Gilad Shalit prisoner swap: Why Netanyahu agreed to 1,000 Palestinians for one Israeli
Israeli Prime Minister Benjamin Netanyahu was opposed in principle to the Gilad Shalit prisoner swap. But his willingness to make an unsavory deal in the end highlights his pragmatism.
Prime Minister Benjamin Netanyahu’s deal with Hamas to swap 1,000 Palestinian prisoners to free Sgt. Gilad Shalit from imprisonment in Gaza highlights the Israeli leader’s frequently overlooked pragmatism.Skip to next paragraph
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Even amid images of Hamas’ victory celebrations in Gaza and the risk of releasing militants serving terms for terrorist attacks, the Israeli leader broke with his no-compromise approach to terrorism by siding with Israeli public sentiment that is overwhelmingly sympathetic with Shalit’s plight.
"There’s no avoiding the dissonance. This is a violation of principles that he laid out and helped establish him as a public figure: You don’t surrender to terrorist blackmail," says Yossi Klein Halevy, a fellow at the Shalom Hartman Institute in Jerusalem. "Netanyahu has deeply held principles, but in the end he is a pragmatist. And he has proven that again and again even though the world doesn’t give him credit for it."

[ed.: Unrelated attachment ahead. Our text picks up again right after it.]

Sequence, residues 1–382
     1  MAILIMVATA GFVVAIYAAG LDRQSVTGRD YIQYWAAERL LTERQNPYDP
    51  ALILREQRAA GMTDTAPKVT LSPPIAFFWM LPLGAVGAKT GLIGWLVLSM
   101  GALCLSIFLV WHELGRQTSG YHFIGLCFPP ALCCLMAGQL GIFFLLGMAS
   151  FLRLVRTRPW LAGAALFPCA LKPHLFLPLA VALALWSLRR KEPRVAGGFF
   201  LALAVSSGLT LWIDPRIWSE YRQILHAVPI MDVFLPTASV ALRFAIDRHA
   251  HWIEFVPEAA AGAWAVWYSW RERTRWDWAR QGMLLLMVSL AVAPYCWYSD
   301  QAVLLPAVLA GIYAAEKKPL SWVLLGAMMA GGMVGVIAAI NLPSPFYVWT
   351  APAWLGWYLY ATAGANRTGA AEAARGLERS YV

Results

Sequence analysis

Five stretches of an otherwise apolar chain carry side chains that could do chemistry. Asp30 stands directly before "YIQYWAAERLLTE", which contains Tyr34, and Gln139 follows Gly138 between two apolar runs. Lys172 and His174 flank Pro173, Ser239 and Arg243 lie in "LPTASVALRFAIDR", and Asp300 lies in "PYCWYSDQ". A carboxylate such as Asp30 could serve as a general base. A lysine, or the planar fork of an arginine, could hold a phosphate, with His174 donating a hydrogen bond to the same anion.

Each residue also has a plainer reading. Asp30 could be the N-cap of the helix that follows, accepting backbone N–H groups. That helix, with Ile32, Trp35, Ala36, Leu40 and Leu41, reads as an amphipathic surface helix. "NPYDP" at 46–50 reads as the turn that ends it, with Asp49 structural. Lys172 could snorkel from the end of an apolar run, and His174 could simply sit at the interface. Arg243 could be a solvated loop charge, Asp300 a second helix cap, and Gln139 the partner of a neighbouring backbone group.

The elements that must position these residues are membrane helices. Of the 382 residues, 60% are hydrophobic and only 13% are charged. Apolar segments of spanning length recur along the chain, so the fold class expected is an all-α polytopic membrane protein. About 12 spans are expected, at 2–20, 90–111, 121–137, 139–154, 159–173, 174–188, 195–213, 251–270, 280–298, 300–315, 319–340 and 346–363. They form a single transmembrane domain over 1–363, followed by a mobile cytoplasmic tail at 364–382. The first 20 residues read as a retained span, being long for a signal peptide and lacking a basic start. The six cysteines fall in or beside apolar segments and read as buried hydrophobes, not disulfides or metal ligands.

As the Israeli media hailed the news of Shalit’s release, the head of the Shin Bet security agency, Yoram Cohen, told journalists that although the deal could encourage new attacks and strengthen Hamas at the expense of moderates, it was the minimum price Israel could expect to pay to bring Shalit home.
'The deal of Netanyahu's life'
During his first term in office in the 1990s, Mr. Netanyahu implemented West Bank withdrawals under the Oslo Accords that he had disparaged as a opposition leader, and even shook hands with long-time Palestinian guerrilla fighter Yasser Arafat, who had abandoned violent rhetoric and began seeking a peace deal with Israel. At the beginning of his second term as prime minister in 2009, Netanyahu broke with the ideological hard-liners in his decision to support the creation of a Palestinian state and back a moratorium on new settlement houses in the West Bank.
But in the past year, that trait has been obscured by his decision to renew settlement building, a move which focused blame on him for the breakdown of peace talks. More recently, he was criticized for hurting Israel’s strategic position by refusing to apologize to Turkey for a naval raid that killed nine Turkish activists on a Gaza-bound aid flotilla last year.